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Parliament should counter corporate patronage

8 May 2000

Parliament should counter corporate patronage

Green Party co-leader Rod Donald is urging parliament to face up to the need for adequate state funding of political parties to even-up the electoral playing field.

His call follows revelations that TV3 made election year donations to only National and Labour, with both main parties receiving over $1.6 million each from all sources including private donations and state broadcasting allocations.

"Parliament should counter the imbalance caused by corporate donations going to mainly National and Labour by introducing adequate and equitable state funding for political parties," said Mr Donald.

"In the interests of achieving a healthy democracy I hope the electoral select committee will tackle this issue squarely as part of their review of the last election instead of avoiding it as we did under the last government," he said.

"I know state funding is not popular with the public but the alternative - corporate patronage - is far worse."

The 1986 Royal Commission on the Electoral System recommended direct state funding of registered political parties and independent candidates.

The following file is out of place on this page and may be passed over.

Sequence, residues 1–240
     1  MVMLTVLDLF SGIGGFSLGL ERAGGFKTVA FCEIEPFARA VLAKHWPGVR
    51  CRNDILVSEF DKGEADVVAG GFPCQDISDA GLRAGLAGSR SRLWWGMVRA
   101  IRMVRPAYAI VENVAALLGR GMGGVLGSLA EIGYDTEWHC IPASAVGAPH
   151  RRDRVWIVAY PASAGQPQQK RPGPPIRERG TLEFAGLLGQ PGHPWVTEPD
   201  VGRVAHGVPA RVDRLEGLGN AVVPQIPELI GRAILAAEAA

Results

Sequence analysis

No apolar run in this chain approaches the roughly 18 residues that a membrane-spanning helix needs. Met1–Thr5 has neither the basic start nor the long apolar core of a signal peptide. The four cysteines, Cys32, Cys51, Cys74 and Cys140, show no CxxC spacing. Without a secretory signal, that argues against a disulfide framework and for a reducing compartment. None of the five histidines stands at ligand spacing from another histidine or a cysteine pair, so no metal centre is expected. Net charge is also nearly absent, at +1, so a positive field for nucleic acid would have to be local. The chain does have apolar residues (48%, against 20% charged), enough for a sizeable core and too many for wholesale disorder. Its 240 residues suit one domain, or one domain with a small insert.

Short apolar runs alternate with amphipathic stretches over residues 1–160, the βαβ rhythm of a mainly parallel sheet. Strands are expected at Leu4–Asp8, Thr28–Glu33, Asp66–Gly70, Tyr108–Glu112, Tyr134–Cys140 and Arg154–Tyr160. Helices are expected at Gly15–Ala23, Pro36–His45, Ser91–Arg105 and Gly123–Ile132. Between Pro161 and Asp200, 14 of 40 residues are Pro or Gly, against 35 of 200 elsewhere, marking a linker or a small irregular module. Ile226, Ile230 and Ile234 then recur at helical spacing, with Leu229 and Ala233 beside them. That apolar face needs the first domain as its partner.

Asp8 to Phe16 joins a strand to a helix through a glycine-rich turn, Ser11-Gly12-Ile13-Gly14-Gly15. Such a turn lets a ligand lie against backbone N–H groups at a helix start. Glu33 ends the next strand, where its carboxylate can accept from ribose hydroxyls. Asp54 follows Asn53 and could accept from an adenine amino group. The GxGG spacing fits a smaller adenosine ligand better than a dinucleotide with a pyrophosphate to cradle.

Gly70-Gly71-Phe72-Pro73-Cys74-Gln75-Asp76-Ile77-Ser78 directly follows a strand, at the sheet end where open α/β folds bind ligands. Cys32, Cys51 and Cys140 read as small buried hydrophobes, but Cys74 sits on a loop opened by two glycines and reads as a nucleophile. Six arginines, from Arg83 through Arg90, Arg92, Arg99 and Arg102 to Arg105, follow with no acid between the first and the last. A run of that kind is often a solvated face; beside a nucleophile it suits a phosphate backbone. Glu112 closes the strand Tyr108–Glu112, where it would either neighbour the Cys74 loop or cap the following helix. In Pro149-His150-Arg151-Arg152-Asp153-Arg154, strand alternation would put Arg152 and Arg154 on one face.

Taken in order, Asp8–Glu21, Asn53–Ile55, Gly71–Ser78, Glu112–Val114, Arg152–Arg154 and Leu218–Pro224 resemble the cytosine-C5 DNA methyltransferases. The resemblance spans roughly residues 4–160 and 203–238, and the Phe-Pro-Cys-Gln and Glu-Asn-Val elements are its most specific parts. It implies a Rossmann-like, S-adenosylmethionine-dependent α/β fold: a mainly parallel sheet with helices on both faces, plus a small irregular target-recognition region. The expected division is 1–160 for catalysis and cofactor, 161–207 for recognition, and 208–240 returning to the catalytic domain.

In Australia parties receive around $1.50 per vote providing they reach a qualifying threshold. In some countries the state pays for a mail out to all voters to ensure they are well informed on party policies.

"We already have considerable state funding now through a $2 million state broadcasting allocation for TV and radio. The electronic broadcasting spending regime also needs to be reviewed. At the moment individual candidates can spend up to $20,000 of their own money on their electorate campaign but parties are not allowed to spend one cent of their own money on their national campaign.

"The rules work heavily in favour of the big parties. For example National and Labour received over $600,000 each in 1999, 14 times the Green Party's allocation, yet National only won six times our vote," he said.

"The current rules clearly reinforce the status quo."


Rod Donald MP: 025 507 183 Jonathan Hill (press secretary) 04 470 6719, 021 110 1133

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